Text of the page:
✔️ Truth: Current MA law requires late-term abortions (those performed after 24 weeks) to be performed in hospitals where live saving equipment is readily available. The ROE Act removes this provision. This means that expecting mothers could undergo late-term abortions, which carry significant risk of complications, outside of a hospital setting.

 Claim: The ROE Act protects the privacy of young people.

✔️ Truth: Minors in MA currently must get permission from at least one parent to have an abortion. Failing that, they can also get permission from a judge in what is known as a “judicial bypass.” This stipulation ensures that girls, some as young as 12 and 13, are not being coerced into having an abortion by a boyfriend or abuser. The ROE Act removes this requirement. A young girl could be pressured into having an abortion without anyone other than the abortionist knowing. For girls fifteen or younger, this would by definition be covering up the crime of statutory rape. The only adults involved in the entire process would be the abortion providers themselves. Parents would never be told.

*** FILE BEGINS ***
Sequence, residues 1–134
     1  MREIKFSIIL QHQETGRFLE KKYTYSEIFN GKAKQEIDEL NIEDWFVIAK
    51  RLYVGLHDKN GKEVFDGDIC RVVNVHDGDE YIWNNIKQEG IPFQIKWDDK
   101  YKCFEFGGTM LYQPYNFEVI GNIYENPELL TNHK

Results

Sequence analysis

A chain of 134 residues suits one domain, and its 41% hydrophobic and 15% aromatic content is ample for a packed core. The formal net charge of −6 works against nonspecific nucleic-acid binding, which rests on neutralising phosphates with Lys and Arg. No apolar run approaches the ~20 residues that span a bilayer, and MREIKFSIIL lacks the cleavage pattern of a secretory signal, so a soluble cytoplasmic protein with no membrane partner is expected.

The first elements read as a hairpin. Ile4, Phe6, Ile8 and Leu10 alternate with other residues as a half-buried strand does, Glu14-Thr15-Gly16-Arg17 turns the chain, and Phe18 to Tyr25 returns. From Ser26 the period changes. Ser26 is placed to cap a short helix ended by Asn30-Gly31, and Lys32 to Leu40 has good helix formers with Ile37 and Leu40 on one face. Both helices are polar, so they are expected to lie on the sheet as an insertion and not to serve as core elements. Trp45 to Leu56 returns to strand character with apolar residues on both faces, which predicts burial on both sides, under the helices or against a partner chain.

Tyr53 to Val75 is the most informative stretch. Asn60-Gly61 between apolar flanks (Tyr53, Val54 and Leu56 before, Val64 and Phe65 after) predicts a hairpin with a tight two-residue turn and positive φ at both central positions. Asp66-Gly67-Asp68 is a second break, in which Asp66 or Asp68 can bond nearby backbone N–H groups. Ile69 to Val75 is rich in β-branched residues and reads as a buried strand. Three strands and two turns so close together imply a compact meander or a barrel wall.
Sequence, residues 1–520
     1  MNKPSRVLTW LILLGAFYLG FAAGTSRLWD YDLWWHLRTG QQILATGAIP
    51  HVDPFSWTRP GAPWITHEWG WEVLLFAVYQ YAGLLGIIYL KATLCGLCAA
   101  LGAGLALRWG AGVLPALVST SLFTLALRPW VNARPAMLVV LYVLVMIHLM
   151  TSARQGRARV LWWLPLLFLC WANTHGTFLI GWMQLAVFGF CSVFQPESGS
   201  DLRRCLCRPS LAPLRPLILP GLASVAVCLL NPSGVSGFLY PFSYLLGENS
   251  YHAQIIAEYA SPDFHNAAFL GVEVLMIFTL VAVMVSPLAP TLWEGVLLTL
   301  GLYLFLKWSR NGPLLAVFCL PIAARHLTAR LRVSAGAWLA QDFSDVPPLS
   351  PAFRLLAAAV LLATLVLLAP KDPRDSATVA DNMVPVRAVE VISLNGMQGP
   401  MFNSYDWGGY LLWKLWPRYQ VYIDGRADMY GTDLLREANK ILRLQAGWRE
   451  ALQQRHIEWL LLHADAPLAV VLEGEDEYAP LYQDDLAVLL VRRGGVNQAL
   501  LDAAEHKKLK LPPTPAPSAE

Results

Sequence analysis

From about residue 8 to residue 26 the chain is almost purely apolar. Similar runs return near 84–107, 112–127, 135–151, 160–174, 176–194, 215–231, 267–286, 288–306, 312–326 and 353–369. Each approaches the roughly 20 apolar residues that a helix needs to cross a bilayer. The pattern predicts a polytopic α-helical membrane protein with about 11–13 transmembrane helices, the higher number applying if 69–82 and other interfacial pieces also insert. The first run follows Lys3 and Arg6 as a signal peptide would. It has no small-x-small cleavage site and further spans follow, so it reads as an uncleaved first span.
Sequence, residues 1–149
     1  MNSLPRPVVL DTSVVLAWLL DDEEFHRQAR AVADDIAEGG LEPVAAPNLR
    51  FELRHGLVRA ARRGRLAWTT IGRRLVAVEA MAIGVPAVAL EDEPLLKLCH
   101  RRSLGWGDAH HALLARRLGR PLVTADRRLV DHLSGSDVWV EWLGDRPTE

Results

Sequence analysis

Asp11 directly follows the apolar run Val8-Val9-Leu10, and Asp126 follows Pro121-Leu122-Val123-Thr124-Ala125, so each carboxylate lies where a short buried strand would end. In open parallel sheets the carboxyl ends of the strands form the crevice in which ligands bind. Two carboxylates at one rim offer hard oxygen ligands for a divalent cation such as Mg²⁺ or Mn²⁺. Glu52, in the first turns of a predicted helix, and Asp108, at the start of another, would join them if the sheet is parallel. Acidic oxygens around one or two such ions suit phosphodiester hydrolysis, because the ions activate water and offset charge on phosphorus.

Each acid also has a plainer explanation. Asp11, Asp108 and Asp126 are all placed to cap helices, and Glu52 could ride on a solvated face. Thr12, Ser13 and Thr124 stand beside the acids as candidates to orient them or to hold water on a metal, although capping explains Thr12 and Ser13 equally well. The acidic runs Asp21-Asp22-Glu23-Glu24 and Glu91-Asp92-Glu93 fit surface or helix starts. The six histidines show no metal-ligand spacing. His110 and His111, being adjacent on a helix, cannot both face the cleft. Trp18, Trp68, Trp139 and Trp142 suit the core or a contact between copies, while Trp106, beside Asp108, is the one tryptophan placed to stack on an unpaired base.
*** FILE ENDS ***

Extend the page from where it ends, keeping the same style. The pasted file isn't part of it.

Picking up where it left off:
Claim: The ROE Act ensures medical decisions remain between a patient and her doctor.

✔️ Truth: The Roe Act eliminates the current requirement to “preserve the life and health of the aborted child” when an abortion is performed at 24 weeks or beyond. To be clear, this means allowing abortions on clearly viable babies with no requirement to preserve the baby’s life either during the delivery or once they are outside the womb and still alive. This is eerily similar to Gov. Northam’s infanticide proposal. Mothers and doctors could choose to deny care to a baby born alive in a failed abortion, and the baby would die. This is passive infanticide. The ROE Act goes far beyond keeping medical decisions between doctors and their patients. This makes the mothers and doctors judge, jury, and executioner over a born-alive baby.

❌ Claim: The Roe Act just adds a narrow exception to current law to allow abortion after 24 weeks only in the rare case of fatal fetal anomalies.